New publication review
When pesticides are mentioned in a manuscript
All ANR peer-reviewed manuscripts with a trade or chemical name of a pesticide must be checked by the Office of Pesticide Information and Coordination (OPIC). Educational statements such as “DDT was used in California crop production from 1945 to 1972” does not need to be approved by OPIC.
Why is this necessary? The Office of Pesticide Information and Coordination (OPIC), under the direction of the Statewide Pesticide Coordinator, is required by University of California policy to ensure that ANR-published publications mentioning do not violate state and federal pesticide registrations. The process is designed to protect the public, our clientele and the University from individual injury and from liability as a result of users following our printed materials.
When does the pesticide review occur? This step occurs after ANR peer review is complete and before Communication Services begins production on the publication.
How to tell this step is necessary? Associate Editors are alerted to a pesticide use recommendation in a manuscript on the MF-21 submittal form. If there are no pesticides mentioned, authors initial on this line:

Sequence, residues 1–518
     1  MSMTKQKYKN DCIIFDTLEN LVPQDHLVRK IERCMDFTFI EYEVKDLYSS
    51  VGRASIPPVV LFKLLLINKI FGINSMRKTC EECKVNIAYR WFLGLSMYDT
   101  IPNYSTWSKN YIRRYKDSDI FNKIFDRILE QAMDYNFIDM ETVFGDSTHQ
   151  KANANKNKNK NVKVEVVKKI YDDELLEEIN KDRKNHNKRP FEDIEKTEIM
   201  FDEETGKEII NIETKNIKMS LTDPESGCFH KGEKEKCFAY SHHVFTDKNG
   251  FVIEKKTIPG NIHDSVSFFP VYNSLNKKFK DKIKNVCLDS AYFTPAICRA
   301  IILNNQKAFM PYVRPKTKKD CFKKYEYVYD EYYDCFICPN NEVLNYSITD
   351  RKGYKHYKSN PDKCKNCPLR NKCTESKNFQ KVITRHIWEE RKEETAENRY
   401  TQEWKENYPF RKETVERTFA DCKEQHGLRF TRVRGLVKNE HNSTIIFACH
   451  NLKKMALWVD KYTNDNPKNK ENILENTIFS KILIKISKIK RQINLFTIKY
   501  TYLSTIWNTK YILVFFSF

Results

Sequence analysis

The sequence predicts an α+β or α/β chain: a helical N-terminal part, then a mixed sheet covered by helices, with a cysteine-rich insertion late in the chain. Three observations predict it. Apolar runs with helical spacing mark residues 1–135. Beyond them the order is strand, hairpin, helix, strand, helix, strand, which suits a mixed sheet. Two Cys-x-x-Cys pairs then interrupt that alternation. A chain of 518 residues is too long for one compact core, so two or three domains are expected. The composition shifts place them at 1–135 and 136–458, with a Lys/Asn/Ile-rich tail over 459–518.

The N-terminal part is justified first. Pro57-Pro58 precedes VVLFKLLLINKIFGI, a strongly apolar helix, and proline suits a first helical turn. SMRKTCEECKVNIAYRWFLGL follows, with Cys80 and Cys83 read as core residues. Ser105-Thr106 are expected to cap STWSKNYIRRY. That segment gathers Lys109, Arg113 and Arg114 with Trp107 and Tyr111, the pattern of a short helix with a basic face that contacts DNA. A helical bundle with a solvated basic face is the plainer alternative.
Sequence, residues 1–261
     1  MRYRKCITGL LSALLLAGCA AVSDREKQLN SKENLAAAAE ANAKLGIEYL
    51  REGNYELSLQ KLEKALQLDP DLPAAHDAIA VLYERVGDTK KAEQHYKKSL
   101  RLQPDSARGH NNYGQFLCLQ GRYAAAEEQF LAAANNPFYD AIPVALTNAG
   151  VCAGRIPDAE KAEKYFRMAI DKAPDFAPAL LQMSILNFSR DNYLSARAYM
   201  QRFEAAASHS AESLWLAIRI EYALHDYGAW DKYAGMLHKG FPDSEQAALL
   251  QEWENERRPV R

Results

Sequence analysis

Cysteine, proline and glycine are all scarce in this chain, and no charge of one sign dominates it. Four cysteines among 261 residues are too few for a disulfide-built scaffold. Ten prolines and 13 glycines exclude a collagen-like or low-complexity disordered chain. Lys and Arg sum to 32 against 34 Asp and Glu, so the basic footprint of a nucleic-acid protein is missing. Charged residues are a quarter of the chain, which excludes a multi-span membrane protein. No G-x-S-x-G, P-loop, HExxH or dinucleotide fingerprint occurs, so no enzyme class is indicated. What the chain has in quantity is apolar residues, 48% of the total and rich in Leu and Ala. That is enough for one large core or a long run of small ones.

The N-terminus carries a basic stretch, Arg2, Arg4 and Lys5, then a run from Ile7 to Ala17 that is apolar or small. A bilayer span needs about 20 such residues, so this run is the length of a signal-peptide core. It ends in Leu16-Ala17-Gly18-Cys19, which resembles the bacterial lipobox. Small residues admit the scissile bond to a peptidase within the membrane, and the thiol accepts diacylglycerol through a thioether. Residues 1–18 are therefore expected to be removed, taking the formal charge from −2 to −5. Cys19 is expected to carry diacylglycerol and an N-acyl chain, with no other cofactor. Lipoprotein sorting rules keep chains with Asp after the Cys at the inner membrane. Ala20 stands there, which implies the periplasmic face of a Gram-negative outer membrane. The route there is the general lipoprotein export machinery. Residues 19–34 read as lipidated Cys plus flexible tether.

If no pesticides are mentioned, author should initial here _______.
and the Associate Editor has no further action to take.
If there are pesticides mentioned, associate editors click the link to the OPIC page and upload the manuscript. OPIC will review it and recommend what, if any, text changes need to be made and which, if any, pesticide warning statements should be included.
When completed, the associate editor will receive an email from OPIC with a Statewide Pesticide Coordinator Certification. The AE uploads the certification document to the manuscript's page in Manuscript FastTrack as an attachment and sign sthe MF-21 submittal form.
ANR peer review is complete for these manuscripts only after this OPIC certification process is finished.